B377 Calibrating the potentiometers.

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Guus
Airman
Posts: 20
Joined: 10 Mar 2019

B377 Calibrating the potentiometers.

Post Guus »

Hi All,

The "Pilot's Handbook" says on pg. 52(55) "The four calibrating potentiometers
provide a means of setting a uniform manifold pressure on all engines."
But HOW to achieve that ?! WHAT shall I calibrate to what ?! When I follow the chk.list "GROUND TEST" pg. 86(89) # 6: set MAP to ambiënt press. say 30" (2.050 RPM).# 7: Turbo Booster to 7, and ALIGN the POT.METERS !
TO WHAT ?! RPM becomes 2.660 MAP 58,6" Torque 217 PSI Exhaust back press. 48,7". And what about 2" MAP increase ??? I do not get this !

Regards, Guus.

TreeTops
Technical Sergeant
Posts: 539
Joined: 07 Apr 2010

Re: B377 Calibrating the potentiometers.

Post TreeTops »

Hey Guus,
Great to see someone else tackling the mighty Strat.
Check this link from Scott
viewtopic.php?f=80&t=26318&p=200745&hil ... os#p200745
There are a few others posts about this also.

Due to the Strat's old age (a2a) and complexity, there are a few loose ends where the manual needs updating or a system needs some update attention, you will find some little quirks. Fortunately most of these have been discussed on this forum.

I am hoping when A2A get to upgrading it for P3Dv4 these systems will be looked at. I know there will be more knowledgable users at the release than when it was first released, and also at the COTS release.

Unfortunately a lot of the high milage pilots for the Strat now use P3Dv4 and can't fly it anymore. I still have FSX installed just for flying the Strat and some other older planes. Regardless, there is a lot of experience found among the members here who can answer your questions.

A tip for searching the forum.
Turbo will not include Turbos in the search, so use the wildcard *. ie Turbo* will find both Turbo and Turbos.
Or Calib* will find Calibate and Calibration.
Cheers
Trev

TreeTops
Technical Sergeant
Posts: 539
Joined: 07 Apr 2010

Re: B377 Calibrating the potentiometers.

Post TreeTops »

Just a follow up, since I haven't flown the old girl in a while and after a new PC install I ran a calibration on the engines which only have 0.6 hrs. Due to the confusion in the checklist I had never really wrapped my head around this procedure and I mainly flew the Guppy so it was good to revisit this again. I don't think anyone has written in the forums about what we experience in the COTS B377 so I gave it a crack.

The checklist says to do the engines one at a time but I did all 4 together to understand what was going on and compare across all 4 engines.
I set up on an airfield in the centre of Australia YAYE Connellan which is 1635ft elevation. Pressure was standard at 29.92/1013.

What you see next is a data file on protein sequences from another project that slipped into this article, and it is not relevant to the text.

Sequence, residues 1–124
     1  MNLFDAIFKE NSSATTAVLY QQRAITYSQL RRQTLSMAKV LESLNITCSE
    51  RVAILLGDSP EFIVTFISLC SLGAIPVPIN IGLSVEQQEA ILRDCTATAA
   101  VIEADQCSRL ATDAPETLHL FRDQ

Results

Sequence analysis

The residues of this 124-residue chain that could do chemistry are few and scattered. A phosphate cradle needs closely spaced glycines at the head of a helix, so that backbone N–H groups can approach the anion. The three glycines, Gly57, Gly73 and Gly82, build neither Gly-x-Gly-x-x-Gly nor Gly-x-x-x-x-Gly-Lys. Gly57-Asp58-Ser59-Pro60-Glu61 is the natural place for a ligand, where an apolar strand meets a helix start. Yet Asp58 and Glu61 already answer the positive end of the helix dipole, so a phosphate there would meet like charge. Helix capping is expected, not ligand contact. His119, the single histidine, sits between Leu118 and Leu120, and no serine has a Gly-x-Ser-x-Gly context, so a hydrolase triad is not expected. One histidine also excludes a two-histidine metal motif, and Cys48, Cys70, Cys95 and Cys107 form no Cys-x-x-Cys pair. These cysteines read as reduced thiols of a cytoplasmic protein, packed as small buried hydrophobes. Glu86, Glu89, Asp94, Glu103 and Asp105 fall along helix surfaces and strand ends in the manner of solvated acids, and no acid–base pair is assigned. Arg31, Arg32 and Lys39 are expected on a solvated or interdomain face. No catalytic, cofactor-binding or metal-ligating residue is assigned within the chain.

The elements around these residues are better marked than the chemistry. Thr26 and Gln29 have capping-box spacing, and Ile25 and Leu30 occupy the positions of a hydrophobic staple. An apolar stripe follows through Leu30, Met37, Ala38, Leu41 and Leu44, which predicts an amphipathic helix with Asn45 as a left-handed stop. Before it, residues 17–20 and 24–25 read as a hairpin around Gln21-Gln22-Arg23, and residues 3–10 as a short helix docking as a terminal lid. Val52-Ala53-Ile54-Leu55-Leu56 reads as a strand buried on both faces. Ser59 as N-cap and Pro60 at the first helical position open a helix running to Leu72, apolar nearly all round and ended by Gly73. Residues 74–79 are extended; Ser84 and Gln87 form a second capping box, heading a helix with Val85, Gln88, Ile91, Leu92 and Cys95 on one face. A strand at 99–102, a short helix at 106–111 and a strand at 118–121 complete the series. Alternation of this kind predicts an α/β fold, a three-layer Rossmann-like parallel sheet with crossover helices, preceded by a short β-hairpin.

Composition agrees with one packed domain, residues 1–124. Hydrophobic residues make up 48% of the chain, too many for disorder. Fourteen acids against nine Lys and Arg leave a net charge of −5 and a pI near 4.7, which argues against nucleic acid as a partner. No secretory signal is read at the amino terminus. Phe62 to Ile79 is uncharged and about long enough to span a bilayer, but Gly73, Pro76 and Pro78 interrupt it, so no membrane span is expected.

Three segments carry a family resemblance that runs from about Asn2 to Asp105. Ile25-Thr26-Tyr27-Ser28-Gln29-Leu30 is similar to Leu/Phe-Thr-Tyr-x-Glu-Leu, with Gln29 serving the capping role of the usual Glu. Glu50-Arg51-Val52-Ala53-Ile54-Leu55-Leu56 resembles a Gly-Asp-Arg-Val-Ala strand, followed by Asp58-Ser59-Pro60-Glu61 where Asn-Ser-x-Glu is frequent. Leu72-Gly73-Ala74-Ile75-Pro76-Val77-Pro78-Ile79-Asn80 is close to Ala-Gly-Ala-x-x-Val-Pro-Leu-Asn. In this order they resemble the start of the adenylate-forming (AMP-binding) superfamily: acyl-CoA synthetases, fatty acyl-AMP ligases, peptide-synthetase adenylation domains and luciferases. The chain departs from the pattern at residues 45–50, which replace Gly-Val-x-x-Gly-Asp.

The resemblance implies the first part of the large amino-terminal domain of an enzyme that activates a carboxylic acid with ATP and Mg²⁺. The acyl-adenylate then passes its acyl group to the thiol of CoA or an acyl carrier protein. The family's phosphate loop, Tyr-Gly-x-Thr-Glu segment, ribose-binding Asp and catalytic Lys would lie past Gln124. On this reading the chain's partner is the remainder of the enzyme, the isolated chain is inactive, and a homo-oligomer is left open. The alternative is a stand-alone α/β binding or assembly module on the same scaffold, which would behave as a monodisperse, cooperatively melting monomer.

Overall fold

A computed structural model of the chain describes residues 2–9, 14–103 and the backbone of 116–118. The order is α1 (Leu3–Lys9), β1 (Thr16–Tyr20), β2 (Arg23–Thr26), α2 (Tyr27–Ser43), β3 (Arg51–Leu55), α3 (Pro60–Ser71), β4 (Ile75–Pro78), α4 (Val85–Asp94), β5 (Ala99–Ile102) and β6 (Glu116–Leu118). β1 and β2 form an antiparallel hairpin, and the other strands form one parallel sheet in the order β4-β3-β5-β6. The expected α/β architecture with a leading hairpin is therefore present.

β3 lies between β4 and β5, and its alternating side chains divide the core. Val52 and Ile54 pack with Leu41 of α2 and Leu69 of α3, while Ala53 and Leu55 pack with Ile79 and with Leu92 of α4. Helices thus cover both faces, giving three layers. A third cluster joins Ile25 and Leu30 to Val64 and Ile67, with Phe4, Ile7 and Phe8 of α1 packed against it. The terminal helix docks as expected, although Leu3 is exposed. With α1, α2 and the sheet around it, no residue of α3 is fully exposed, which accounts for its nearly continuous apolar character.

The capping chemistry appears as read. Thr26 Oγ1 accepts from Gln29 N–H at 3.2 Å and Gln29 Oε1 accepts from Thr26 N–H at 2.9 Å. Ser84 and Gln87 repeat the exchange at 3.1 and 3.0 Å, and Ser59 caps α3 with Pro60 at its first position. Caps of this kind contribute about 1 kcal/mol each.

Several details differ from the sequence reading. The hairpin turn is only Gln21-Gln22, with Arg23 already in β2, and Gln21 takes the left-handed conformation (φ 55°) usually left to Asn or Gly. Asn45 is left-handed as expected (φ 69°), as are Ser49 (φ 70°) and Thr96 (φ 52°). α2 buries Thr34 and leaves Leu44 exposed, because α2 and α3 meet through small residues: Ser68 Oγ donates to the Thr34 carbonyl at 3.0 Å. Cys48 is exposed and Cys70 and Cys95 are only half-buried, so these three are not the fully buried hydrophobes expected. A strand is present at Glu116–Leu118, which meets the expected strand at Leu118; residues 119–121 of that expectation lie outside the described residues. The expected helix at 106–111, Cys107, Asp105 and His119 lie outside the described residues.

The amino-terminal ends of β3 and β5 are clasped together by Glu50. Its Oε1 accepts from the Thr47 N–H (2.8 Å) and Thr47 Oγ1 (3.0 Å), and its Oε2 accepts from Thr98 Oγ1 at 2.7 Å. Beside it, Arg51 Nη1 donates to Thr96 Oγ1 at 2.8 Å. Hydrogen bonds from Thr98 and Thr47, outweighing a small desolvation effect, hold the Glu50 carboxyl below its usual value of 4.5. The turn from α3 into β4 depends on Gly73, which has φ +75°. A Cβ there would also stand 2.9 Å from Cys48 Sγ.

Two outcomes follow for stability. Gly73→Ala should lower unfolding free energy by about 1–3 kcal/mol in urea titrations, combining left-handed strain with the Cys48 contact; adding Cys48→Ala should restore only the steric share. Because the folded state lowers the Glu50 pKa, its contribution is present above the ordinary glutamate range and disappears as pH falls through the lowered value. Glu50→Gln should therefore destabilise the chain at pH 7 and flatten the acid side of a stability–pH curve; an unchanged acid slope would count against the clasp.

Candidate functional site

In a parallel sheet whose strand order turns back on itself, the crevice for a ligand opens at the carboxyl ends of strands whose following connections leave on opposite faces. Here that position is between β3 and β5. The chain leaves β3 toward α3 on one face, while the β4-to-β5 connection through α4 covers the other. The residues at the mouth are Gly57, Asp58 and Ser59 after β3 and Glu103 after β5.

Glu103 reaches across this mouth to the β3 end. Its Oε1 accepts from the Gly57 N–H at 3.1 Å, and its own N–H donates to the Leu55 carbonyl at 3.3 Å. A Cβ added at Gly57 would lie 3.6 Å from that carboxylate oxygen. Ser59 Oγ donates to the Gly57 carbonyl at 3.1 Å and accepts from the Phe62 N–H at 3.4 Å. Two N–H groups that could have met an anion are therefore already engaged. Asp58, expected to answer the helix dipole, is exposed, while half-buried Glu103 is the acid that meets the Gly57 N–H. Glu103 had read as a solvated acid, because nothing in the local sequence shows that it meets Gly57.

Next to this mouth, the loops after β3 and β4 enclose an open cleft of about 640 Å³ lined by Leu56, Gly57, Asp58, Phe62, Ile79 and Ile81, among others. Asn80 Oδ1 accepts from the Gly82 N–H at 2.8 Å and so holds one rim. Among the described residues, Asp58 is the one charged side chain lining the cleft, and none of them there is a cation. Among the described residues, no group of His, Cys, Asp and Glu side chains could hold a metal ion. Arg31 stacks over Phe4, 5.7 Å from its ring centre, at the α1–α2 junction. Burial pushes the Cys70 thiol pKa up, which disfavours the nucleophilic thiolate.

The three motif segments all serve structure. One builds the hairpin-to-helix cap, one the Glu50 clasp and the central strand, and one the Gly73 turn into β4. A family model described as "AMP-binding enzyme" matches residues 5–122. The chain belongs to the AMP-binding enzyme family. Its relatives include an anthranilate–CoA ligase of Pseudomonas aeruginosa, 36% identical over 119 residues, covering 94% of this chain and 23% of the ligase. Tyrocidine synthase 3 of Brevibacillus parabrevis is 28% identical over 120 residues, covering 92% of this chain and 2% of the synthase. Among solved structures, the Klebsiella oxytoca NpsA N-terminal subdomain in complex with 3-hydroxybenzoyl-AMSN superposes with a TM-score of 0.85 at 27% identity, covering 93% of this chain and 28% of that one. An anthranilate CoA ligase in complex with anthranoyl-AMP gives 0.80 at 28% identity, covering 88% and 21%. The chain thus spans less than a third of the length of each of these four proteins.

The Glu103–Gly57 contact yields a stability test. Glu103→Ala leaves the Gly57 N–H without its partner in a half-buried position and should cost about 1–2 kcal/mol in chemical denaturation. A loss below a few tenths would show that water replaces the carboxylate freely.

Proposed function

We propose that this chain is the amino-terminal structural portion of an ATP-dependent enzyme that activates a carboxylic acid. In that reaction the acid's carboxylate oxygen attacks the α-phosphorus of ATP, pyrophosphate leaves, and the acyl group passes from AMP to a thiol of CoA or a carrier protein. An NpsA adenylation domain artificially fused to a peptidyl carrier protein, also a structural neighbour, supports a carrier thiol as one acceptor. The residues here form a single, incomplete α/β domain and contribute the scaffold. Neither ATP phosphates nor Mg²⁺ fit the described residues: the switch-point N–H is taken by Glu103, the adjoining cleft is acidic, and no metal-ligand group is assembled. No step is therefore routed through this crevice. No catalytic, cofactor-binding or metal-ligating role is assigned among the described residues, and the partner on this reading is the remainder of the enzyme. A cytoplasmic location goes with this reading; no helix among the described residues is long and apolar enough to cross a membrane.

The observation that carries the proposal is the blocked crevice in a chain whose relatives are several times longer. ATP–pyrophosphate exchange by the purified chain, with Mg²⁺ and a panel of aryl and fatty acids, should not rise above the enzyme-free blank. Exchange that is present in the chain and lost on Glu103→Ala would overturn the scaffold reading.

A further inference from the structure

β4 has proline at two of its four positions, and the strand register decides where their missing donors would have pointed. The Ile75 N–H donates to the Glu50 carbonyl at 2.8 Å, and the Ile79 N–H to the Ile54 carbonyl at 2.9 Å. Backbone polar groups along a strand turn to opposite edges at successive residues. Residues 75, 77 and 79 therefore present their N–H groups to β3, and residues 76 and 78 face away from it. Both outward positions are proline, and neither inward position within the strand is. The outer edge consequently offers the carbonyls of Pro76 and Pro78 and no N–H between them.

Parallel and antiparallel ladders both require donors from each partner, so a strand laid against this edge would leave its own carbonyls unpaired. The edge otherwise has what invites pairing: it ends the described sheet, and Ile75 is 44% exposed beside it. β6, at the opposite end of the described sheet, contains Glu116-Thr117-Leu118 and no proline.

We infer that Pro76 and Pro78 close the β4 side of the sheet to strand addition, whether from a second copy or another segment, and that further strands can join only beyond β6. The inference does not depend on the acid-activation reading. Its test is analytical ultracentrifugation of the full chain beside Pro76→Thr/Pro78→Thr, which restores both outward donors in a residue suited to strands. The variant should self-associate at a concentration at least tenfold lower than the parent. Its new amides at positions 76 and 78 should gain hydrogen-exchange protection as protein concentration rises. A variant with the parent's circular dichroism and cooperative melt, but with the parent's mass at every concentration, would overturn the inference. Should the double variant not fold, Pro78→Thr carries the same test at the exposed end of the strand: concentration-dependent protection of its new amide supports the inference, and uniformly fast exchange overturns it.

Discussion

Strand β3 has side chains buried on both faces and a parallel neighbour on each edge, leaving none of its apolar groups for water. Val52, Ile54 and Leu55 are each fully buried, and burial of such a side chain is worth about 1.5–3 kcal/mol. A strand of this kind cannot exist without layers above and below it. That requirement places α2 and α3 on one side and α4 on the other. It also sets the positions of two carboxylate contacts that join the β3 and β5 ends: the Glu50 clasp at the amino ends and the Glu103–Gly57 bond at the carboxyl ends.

According to the checklist after setting the Turbo Boost to 7 percent, we should look for Manifold Pressure (MP) increase of 2", plus 1.5" for every 1000ft airfield elevation. In my case 1635ft / 1000ft *1.5"MP = 2.45"MP or say 2.5"MP.
I need to see 30" (29.92 Atmos. Pressure) + 2" (turbo boost) + 2.5" (elevation component) = 34.5"MP

Note 1 : Point 6 in the checklist says we should see approx. 2050 RPM. Remember the props are constant speed so we cant use RPM to adjust the calibration of the turbos. You can have one turbo cranked right up and the prop will still read the same RPM compared to the other engines.

Note 2 : Remember these are accusim engines and you can have a fresh No. 1 engine, a tired No. 2 engine and No's. 3 & 4 are in different states of damage. What we are calibrating is a common turbo boost effect for all 4 engines. We might need a different throttle setting for engine No. 2 than No. 1 because it is tired. Damage in engines 3 & 4 likewise. So the engine settings to get 30" MP may be different but regardless of the settings, 30" for all 4 engines is what is important.

The calibration : (in my test case all 4 engines together, checklist suggests 1 engine at a time)
1. Turbo selectors set to take-off (no turbo available)
2. Turbo boost lever set to 0 (0 percent)
3. Bring all 4 engines up to 30" MP (equal to atmos. pressure)
4. Turbo selectors set to climb-cruise (turbo now available)
5. Increase Turbo Boost lever to 7 percent.
6. Look for an increase in MP to target number. (34.5" in my case)
7. Adjust each Turbo Boost Potentiometer (Pot) to achieve target MP. (in my case 34.1" was the maximum I could get from engine No. 4 with the Pot set to +50.) I ended up with +38, +25, +20, +50. (seems to be about 5 on the Pot for ever 0.1" MP).
8. Turbo selectors set to take-off (return to 30" MP even with the Turbo Boost lever at 7%, ie no turbo available)
9. Turbo boost lever set to 0 (0 percent)

Calibration outcome :
For my engines (new install) I was not able to achieve my target MP of 34.5" MP. Given that the Pots were all adjusted up high, I went go back and set them closer to the Pots midrange of 0.